Of course, if it was a leak, and this is something real, the guy responsible is probably going to be a test pilot on one of these torpedoes. Hals und beinbruch, Ivan.

Why the “Leak”?

This “leak” appears from here clearly as a brush-back pitch thrown at the United States and its allies. Yet it seems likely to be counterproductive, if that is really its intent. It would raise the stakes of antisubmarine warfare, a much neglected field in the shrinking US Navy, and inspire countermeasures that Russia really, really wouldn’t like.

But we’re probably looking at it the wrong way. That’s not leaked for our benefit. Its target audience is, in our estimation, inside Russia. The message is: we are strong, we are invincible, nobody had better mess with us. It is a bluff, yes, but he’s bluffing his own people, not the Americans.

For Some Good Information

In addition to Bill Gertz’s column mentioned above, read Jeffrey Lewis’s posts at Arms Control Wonk:

Don’t neglect the comments. He has some astute and technically proficient commenters.

He also wrote a column in Foreign Policy that transcended the usual soporific house style:

At the risk of understating things, this project is bat-shit crazy. It harkens back to the most absurd moments of the Cold War, when nuclear strategists followed the logic of deterrence over the cliff and into the abyss. For his part, Putin seems positively nostalgic.

What sort of sick bastards dream up this kind of weapon? Whether or not the Russians ever build it is almost beside the point. Simply announcing to the world that you find this to be a reasonable approach to deterrence should be enough to mark you out as a dangerous creep.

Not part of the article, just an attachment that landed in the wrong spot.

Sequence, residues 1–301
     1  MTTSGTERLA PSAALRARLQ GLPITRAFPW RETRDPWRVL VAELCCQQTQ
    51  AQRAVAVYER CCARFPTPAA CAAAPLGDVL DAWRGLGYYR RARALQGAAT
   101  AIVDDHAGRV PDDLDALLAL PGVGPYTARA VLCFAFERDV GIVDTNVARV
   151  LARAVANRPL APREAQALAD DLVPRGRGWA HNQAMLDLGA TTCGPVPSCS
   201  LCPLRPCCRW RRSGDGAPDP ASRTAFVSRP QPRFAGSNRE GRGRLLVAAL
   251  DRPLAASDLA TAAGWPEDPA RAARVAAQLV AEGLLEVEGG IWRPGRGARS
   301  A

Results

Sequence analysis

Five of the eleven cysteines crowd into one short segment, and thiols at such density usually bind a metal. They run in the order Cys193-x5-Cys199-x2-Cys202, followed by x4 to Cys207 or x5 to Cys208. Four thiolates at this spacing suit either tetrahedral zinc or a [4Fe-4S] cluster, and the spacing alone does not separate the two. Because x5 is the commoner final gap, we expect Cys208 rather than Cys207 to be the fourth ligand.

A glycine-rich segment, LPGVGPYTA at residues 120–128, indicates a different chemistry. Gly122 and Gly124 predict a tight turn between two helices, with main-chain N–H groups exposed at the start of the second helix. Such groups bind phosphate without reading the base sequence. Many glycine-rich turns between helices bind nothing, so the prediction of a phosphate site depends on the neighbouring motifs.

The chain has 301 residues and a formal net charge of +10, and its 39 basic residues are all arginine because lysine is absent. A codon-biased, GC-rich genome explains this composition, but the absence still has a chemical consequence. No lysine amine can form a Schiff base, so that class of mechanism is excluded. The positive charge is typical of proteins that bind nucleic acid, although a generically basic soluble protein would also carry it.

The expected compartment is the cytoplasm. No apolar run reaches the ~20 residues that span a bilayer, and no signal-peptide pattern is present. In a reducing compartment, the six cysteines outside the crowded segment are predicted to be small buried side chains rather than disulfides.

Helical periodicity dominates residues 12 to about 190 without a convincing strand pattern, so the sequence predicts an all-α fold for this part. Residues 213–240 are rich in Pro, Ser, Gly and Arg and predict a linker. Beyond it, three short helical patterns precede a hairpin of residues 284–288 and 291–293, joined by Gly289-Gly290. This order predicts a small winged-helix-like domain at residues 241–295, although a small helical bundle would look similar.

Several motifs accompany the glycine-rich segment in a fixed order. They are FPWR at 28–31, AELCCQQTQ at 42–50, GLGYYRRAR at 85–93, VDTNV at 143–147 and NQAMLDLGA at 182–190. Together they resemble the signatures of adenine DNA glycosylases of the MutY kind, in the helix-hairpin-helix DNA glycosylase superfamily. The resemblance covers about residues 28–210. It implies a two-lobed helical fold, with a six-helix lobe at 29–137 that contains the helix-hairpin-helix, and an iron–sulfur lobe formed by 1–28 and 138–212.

Of course, then Lewis makes his own bat-guano-crazy argument, that rather than develop a military response to this thing, or (giving him the benefit of the doubt), in parallel to the military response, we need to “think about making better use of international norms against nuclear weapons.” Yes, because Vladimir Vladimirovich is as impressed with “international norms” as his role model Josef Vissarionovich was with the Pope.

Attack on Kunduz: The MSF View

msf_logoWe’ve been waiting for more official information about the AC-130 attack on a Medecins sans Frontières (Doctors Without Borders, a French-based medical nonprofit) trauma center in Konduz, Afghanistan, but no information from the US military investigation (most probably at this point a 15-6 investigation) has been publicly released.